### Perl Weekly Challenge: Week 87

#### Challenge 1:

Longest Consecutive Sequence

You are given an unsorted array of integers `@N`.

Write a script to find the longest consecutive sequence. Print 0 if none sequence found.

##### Example 1:
``````Input: @N = (100, 4, 50, 3, 2)
Output: (2, 3, 4)
``````
##### Example 2:
``````Input: @N = (20, 30, 10, 40, 50)
Output: 0
``````
##### Example 3:
``````Input: @N = (20, 19, 9, 11, 10)
Output: (9, 10, 11)
``````

This is my Perl solution.

First the input (which I get from the command line) has to be sorted. It irks me that Perl can't automatically sort lists of numbers without `\$a <=> \$b`. It trips me up every time. Perl does all kinds of other things automagically so I don't know why it can't do this especially as Raku manages it. Oh well.

``````my @N = sort { \$a <=> \$b } @ARGV;
``````

I set up two arrays, `@sequence` which contains the current sequence (initially seeded with the first element of `@N`) and `@longest` which is initially empty but will keep the longest sequence found so far.

``````my @sequence = ( \$N );
my @longest;
``````

Now we can just traverse `@N` starting from the second element and compare it to the previous element. If it is 1 greater, it can be added to the running `@sequence`. If `@sequence` is longer than `@longest`, it becomes `@longest`.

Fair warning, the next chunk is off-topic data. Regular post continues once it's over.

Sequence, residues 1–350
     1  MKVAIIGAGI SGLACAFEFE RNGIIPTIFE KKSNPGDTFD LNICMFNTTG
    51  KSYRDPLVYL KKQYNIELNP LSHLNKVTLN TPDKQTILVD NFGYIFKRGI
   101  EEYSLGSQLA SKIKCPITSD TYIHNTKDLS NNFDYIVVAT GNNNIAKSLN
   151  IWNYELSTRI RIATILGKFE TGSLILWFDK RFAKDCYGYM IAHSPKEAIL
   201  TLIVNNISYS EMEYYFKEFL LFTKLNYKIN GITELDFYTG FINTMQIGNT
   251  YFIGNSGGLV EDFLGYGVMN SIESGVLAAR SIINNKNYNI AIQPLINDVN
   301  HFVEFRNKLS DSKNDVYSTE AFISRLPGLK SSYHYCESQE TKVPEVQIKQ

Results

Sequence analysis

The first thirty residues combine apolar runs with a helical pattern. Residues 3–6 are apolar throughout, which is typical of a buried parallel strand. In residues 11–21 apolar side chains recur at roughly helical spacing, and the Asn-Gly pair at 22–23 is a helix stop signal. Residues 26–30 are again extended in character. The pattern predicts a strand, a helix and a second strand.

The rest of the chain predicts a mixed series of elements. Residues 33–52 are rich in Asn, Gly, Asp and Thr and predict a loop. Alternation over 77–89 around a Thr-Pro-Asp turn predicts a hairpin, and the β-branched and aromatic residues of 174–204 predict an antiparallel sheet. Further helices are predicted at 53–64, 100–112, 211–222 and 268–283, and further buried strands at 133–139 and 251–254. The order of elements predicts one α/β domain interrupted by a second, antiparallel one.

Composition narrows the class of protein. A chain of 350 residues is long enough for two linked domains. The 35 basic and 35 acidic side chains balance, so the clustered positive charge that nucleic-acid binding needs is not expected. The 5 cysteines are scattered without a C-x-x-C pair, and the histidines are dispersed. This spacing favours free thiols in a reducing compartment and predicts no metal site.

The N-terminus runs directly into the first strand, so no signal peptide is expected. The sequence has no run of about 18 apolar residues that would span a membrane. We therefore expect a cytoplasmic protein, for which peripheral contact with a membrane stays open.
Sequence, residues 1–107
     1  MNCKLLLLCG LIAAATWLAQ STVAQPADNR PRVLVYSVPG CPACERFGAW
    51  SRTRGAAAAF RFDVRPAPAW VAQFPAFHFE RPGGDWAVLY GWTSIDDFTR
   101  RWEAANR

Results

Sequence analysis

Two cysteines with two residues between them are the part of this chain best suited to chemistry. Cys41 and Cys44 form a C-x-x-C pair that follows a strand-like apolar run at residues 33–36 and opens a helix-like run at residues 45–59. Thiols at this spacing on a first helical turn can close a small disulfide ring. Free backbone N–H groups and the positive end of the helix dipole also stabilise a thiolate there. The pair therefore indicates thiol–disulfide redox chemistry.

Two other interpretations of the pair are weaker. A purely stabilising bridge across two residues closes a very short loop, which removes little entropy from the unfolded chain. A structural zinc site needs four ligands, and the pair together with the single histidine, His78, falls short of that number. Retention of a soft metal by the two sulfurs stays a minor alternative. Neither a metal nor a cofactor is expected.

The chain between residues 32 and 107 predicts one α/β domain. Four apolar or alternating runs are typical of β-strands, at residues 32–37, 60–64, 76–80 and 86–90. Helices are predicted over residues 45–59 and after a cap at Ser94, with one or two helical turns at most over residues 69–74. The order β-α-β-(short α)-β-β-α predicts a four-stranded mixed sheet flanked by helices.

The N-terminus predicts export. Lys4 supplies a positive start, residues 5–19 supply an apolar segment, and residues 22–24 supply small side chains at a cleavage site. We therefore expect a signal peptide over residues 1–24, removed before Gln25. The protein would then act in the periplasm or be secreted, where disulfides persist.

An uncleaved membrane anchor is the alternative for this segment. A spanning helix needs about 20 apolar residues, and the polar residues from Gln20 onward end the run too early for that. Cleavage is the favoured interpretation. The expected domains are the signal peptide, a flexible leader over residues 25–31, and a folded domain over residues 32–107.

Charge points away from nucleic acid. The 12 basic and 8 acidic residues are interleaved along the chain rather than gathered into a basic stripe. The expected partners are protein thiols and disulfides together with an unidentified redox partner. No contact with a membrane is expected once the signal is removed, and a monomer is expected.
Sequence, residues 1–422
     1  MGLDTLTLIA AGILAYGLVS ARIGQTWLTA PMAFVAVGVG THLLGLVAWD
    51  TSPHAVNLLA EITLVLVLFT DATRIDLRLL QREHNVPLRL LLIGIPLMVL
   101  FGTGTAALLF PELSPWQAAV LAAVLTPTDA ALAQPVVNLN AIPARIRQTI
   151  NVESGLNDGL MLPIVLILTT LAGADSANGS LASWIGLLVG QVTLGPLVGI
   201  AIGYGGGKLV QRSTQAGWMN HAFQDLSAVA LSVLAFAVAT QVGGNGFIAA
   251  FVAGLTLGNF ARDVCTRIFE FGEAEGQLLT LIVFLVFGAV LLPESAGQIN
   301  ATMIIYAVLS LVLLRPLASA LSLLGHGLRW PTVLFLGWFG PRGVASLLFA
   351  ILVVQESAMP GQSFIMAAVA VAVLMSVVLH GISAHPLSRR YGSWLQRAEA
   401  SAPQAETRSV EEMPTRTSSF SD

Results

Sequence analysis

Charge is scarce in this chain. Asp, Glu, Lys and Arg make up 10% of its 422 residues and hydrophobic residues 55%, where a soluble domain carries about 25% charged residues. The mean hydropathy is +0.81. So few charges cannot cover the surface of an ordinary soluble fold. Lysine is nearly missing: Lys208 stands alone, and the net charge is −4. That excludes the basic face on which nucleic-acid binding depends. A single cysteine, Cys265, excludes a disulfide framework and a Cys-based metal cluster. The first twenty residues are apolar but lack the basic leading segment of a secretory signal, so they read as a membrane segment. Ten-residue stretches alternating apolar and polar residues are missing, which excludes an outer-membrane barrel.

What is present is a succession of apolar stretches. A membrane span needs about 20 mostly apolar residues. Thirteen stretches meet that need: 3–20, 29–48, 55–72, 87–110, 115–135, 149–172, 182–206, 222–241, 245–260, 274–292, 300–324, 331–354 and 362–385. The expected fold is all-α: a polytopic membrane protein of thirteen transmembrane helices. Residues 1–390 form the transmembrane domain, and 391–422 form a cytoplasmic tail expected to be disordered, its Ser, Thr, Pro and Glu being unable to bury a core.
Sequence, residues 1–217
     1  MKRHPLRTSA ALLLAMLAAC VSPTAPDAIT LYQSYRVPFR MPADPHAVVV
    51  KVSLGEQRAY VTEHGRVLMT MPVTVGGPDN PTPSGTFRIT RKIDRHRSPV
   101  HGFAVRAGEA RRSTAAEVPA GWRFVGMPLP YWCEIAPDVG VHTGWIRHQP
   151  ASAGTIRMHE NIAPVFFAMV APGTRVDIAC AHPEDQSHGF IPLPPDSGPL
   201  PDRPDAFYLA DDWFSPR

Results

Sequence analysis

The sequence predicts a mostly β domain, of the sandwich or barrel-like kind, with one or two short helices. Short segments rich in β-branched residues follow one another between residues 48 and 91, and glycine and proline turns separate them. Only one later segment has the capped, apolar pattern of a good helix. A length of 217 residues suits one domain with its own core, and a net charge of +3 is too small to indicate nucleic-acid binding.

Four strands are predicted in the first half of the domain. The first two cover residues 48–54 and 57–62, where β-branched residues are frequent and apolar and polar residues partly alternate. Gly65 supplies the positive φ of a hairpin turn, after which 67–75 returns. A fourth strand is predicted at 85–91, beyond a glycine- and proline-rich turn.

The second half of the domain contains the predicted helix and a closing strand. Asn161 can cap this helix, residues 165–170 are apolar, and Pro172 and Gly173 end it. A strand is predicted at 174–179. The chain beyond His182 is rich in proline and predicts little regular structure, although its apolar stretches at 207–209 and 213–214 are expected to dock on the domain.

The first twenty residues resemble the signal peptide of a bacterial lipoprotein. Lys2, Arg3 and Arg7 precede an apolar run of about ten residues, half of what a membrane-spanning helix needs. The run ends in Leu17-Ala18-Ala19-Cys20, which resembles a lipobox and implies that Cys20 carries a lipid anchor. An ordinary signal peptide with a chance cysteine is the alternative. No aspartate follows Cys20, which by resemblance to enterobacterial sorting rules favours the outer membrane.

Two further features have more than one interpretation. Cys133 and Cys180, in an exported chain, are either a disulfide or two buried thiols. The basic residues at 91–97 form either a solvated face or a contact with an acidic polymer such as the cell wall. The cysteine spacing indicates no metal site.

But if the current element is greater than one more than the previous element, `@sequence` has to be restarted with the current element.

``````for my \$i (1 .. scalar @N - 1) {
if (\$N[\$i] == \$N[\$i - 1] + 1) {
push @sequence, \$N[\$i];

if (scalar @sequence > scalar @longest) {
@longest = @sequence;
}

} else {
@sequence = ( \$N[\$i] );
}
}
``````

By the end either we have a longest sequence which we can print (I've also chosen to add `()` around it) or `@sequence` is empty and we print `0`.

``````say scalar @longest ? (q{(} . (join q{, }, @longest) . q{)}) : 0;
``````

(Full code on Github.)

This is the Raku version. It's just a straightforward port so there isn't more to say.

``````sub MAIN(*@N) {
my @n = @N.sort;
my @sequence = ( @n );
my @longest;

for 1 ..^ @n.elems  -> \$i {
if @n[\$i] == @n[\$i - 1] + 1 {
@sequence.push(@n[\$i]);

if @sequence.elems > @longest.elems {
@longest = @sequence;
}

} else {
@sequence = ( @n[\$i] );
}
}

say @longest.elems ?? (q{(} ~ @longest.join(q{, }) ~ q{)}) !! 0;
}
``````

(Full code on Github.)

#### Challenge 2:

Largest Rectangle

You are given matrix `m x n` with `0` and `1`.

Write a script to find the largest rectangle containing only `1`. Print `0` if none found.

##### Example 1:
``````Input:
[ 0 0 0 1 0 0 ]
[ 1 1 1 0 0 0 ]
[ 0 0 1 0 0 1 ]
[ 1 1 1 1 1 0 ]
[ 1 1 1 1 1 0 ]

Output:
[ 1 1 1 1 1 ]
[ 1 1 1 1 1 ]
``````
##### Example 2:
``````Input:
[ 1 0 1 0 1 0 ]
[ 0 1 0 1 0 1 ]
[ 1 0 1 0 1 0 ]
[ 0 1 0 1 0 1 ]

Output: 0
``````
##### Example 3:
``````Input:
[ 0 0 0 1 1 1 ]
[ 1 1 1 1 1 1 ]
[ 0 0 1 0 0 1 ]
[ 0 0 1 1 1 1 ]
[ 0 0 1 1 1 1 ]

Output:
[ 1 1 1 1 ]
[ 1 1 1 1 ]
``````